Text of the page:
It’s made me wonder how other I spend on other areas related to making and selling art and I want to know accurately how long I spend on actually creating, and how much on related admin like website updating, newsletter writing, packaging, researching exhibiting opportunities.

Then I got recommended an app Toggl by another artist - and it’s just what I was looking for ! It’s the same as using my phone’s timer but I can click on a category like “ blog writing” . As I write now, the timer is running and I’ll know how much time a blog post might take next time so will be able to plan better.

I’ve only been doing this for a week but I’m becoming more conscious of how I’m spending my time and am looking forward to seeing the results.

Blocking time.

Another thing I’m experimenting with is to block time for painting. If I know Tuesday evenings and Sunday mornings are my painting times then I won’t say yes to other tasks.  I also won’t find myself thinking I wish I was painting when I’m doing something else bacause I’ll know I’ll be painting that evening, and I can enjoy the moment I’m in.

So these are what I’m trying. I’m not going to beat myself up if I drop them all by March but it was definitely time for some kind of reset.

Framing art on paper

Though I love to paint on canvas and paper equally,  the artworks that I sell most are works on paper.

They’re more affordable, easy to ship around the world and I think, it’s also easier to make the decision to buy work on paper.

Photographs and art on paper are such a great way to start collecting art.  I remember after years of slowly renovating of our first apartment we were finally at the stage of buying something to put on our walls. We chose three works on paper from a gallery near work. I remember that exciting, heart pumping feeling of buying original art, not a print, but something someone had created by hand.

When we bought them the gallery offered to put us in touch with their framer and we were shocked at the time that the framing cost as much as the artwork. However, we decided to go through with it. When the framing came back we were really impressed. It was done so perfectly, it was so immaculate looking that it made the work look even better, more like an object that we’re going to hold on to long term. And here, seven years later, the art is in the same condition and I feel confident that it’ll stay that way hanging around our home in the years to come.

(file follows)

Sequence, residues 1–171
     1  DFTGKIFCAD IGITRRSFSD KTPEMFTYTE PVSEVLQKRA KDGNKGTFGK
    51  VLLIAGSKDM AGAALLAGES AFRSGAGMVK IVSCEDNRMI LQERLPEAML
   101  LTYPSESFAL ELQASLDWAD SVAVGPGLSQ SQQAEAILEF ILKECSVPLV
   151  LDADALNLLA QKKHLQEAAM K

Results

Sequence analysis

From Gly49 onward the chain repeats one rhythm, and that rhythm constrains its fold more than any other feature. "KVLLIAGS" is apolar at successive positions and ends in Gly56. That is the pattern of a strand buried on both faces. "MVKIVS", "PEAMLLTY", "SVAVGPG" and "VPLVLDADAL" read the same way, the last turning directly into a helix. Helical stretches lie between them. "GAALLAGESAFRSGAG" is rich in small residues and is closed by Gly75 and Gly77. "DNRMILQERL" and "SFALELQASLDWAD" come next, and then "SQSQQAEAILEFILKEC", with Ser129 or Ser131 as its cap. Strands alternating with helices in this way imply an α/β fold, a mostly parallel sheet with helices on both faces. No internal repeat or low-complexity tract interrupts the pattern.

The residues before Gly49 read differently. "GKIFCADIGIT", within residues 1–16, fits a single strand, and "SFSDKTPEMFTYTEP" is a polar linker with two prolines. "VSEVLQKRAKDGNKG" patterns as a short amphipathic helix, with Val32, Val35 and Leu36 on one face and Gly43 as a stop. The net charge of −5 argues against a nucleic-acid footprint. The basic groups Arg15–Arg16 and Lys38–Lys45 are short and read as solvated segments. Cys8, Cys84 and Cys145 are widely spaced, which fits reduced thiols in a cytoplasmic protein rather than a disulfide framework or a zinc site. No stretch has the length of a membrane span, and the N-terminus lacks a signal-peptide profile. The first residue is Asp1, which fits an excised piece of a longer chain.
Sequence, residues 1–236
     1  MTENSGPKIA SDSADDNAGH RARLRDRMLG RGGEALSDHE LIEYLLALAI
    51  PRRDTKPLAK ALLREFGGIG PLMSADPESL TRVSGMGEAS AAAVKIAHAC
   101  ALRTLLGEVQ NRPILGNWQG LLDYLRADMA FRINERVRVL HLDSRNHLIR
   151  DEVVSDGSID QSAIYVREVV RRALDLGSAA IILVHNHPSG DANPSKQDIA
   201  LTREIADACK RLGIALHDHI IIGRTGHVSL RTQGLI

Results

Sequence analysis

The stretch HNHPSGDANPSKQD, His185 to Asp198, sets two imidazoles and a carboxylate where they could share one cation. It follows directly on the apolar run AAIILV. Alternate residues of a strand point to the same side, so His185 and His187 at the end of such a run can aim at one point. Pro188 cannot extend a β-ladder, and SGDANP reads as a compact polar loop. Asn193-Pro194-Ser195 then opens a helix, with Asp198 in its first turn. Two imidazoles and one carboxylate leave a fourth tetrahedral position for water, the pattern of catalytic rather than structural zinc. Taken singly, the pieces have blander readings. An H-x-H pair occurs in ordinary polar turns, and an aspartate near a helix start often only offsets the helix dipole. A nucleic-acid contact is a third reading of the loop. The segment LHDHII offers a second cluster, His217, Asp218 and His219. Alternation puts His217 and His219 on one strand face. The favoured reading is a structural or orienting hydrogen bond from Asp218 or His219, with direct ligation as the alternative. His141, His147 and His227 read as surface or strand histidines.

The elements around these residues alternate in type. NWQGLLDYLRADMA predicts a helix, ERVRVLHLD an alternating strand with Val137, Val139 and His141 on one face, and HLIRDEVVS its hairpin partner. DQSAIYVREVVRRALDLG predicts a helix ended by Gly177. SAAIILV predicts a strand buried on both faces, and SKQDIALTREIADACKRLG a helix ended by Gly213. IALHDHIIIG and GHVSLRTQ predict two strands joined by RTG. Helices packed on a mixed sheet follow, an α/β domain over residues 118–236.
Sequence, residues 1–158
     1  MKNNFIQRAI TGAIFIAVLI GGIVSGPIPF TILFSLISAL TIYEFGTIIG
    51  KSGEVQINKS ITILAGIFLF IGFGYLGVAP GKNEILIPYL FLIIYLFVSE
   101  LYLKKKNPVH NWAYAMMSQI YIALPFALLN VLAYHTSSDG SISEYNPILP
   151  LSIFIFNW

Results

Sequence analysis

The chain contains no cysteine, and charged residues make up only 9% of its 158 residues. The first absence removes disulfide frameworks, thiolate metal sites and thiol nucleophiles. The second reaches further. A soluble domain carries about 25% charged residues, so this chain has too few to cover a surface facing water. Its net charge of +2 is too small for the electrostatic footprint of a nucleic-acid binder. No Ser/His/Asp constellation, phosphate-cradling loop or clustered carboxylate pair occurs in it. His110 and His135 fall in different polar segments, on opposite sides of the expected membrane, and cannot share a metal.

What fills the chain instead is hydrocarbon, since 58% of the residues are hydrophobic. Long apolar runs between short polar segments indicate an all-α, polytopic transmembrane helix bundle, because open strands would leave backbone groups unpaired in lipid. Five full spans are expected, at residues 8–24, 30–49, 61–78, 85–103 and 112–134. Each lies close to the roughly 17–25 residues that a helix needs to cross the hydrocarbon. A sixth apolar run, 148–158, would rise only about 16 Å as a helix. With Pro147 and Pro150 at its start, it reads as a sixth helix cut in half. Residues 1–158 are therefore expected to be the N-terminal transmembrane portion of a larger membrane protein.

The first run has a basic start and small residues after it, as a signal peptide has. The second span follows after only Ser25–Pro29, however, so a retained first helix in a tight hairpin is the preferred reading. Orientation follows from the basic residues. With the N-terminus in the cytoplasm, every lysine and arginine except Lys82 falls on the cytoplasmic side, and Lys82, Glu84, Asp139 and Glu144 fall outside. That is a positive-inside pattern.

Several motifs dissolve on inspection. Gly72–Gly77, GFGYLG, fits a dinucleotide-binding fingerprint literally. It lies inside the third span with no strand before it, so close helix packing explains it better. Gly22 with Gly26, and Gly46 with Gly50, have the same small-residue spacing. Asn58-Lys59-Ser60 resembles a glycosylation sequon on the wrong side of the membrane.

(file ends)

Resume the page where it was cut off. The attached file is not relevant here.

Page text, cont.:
Since then I’ve found out more about framing and so would like to share what I’ve learnt with you and what the options for framing work on paper are.

At the bottom, one of the artworks on paper we bought seven years ago,

At the bottom, one of the artworks on paper we bought seven years ago,

I recently asked people on Instagram about framing and while most said that professional framing is the preferred choice , the cost sometimes means that we opt for an off the shelf frame. I recommend getting quotes from a couple of different framers if you haven’t used one before or are new to an area.  I got quotes when I moved to West Auckland and they were wildly different. And I was surprised that it wasn’t the little framer down a side street that I expected to be the cheapest that was the most reasonably priced.

Once you’re at the framers you need to make the decision about how you want your artwork framed . Here are some options.

Float mounting
This is when the artwork appears to be floating between the glass and the backing. The art is attached to  foam core and mounted on a white mat and spacers are used to separate it from the glass.

I think this style of framing is suited for original art on paper. It looks professional and elegant and really draws attention to the art.
It can be pricey but I think that it’s good to look at the long term view of it. You’re probably going to hold onto your artwork longer than you will most of your furniture, taking it with you as you move homes. Think of how many years of value it will give you in the future by making your home look and feel a certain way.

I love how you can see the rough edge of the paper because of the way it’s been float mounted.

I love how you can see the rough edge of the paper because of the way it’s been float mounted.